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Nadia L. Hohn

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Nadia L. Hohn on the power of community

When Nadia L. Hohn, author of the Malaika series, first started writing children’s books nearly a decade ago, there weren’t many traditionally published BIPOC authors and illustrators. Though that is changing, Hohn didn’t see any acknowledgement of this shift, and she wanted to create a compendium similar to Meet Canadian Authors & Illustrators: 50 creators of children’s books, published by Scholastic in 1994. So, in 2019, Hohn started to look into which publishers she might approach about an anthology. Then, the murder of George Floyd on May 25, 2020, changed the landscape. “There was a huge interest in DI [diversity and inclusion] from every industry, and to be honest, it was a bit overwhelming,” Hohn recalls. “I thought, ‘Wow, where was this before?’”

Hohn, who has a master of education in sociology and equity studies, feels fairly comfortable with diversity and inclusion material, but as a teacher, she knew that resources for kids on how to do antiracist work were sorely lacking. The newfound interest from publishers and the dire need for materials coupled with her desire to one day write a cookbook were the springboard for The Antiracist Kitchen: 21 Stories (and Recipes) (Orca Book Publishers, out this month).

The Antiracist Kitchen, illustrated by Roza Nozari and with a foreword by Ainara Alleyne, is an anthology of stories each coupled with a recipe near and dear to the writer’s heart. Divided into four parts – reclaim, resist, restore, and rejoice – it boasts essays for a middle-grade audience from both Canadian and U.S. creators. Hohn made the decision to scrap her original idea of including only Canadian contributors because the dialogue around antiracism was not only taking place in Canada. “I’ve always wanted us to have conversations as BIPOC authors and illustrators with U.S. folks because our circles are similar, and I wanted to find a way to bring them together,” Hohn said. “The entries in The Antiracist Kitchen came out of this idea of sharing stories, which young people, educators, and parents can access, but also centring it around food because it’s universal.”

Hohn began reaching out to contributors during the early days of the COVID-19 pandemic, a time that gave rise to a civil rights movement in reaction to anti-Black racism, anti-Asian hate, a shooting outside of a Toronto mosque, the discovery of unmarked graves at the sites of former residential schools, and book bans. The tense environment resulted in many contributors declining to participate. Despite the setback, Hohn didn’t waver from her aim to have representation from different ethnicities and experiences: she picked outside the box to include contributors that weren’t kidlit creators.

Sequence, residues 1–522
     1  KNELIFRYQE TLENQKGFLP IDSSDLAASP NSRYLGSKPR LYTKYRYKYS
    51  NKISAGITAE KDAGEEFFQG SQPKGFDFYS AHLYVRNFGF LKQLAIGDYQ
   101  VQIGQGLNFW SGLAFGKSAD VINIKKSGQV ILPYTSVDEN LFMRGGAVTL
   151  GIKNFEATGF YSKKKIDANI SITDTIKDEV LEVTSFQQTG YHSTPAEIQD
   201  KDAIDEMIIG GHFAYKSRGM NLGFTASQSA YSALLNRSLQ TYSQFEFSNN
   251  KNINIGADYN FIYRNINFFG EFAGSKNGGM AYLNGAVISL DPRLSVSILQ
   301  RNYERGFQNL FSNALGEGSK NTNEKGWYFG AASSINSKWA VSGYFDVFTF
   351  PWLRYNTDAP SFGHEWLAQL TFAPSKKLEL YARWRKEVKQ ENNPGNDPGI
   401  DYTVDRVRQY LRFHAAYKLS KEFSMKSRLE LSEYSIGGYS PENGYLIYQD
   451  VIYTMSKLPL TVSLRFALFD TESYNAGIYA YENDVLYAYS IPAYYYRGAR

Illustration: Roza Nozari

Hohn, who keeps abreast of book bans, is cognizant that The Antiracist Kitchen may be a target. “I recognize it might be banned. In fact, I spent some time with Black authors recently, and one of them said this book is amazing, but it could be banned just because of the title,” Hohn recalls. “I’m not going to change the title or water it down. This is what the book is about.” Her sincere hope is that the readers who need this book will be able to find it.

The Antiracist Kitchen is Hohn’s first foray as an editor. It’s a role she loved and likens to cooking, pulling in the ingredients, pulling in the flavours. “I felt my role was as the holder of stories, in a way protecting them,” Hohn says. “They’re so private and personal, and some of these recipes are from Mom. They are family recipes so I felt very protective.”

Part of the editing experience was ensuring The Antiracist Kitchen was kid friendly. Hohn made sure to include a glossary for such terms as white supremacy and colonization at the back of the book in an effort to bring kids into the conversation about identity. 

The shame racialized kids are taught to feel about their skin, eyes, hair, headdresses, and names can lead them to want to change those features to be more socially acceptable. Hohn believes ownership of identity comes from recognizing and celebrating the beauty of the differences and of the cultures. It’s an atmosphere she fosters in her classroom, which is 95 per cent children of colour and a number of refugees. “I want kids to walk tall and be proud of who they are,” Hohn said. “I want them to see the recognition in these stories.”

For Hohn, The Antiracist Kitchen is more than simply one thing. “It’s not just the stories, it’s the food. It’s not just the food, it’s the pictures of the food. It’s not just the pictures of the food, it’s the illustrations. It’s also building a community.”


l to r: Nadia L. Hohn and Roza Nozari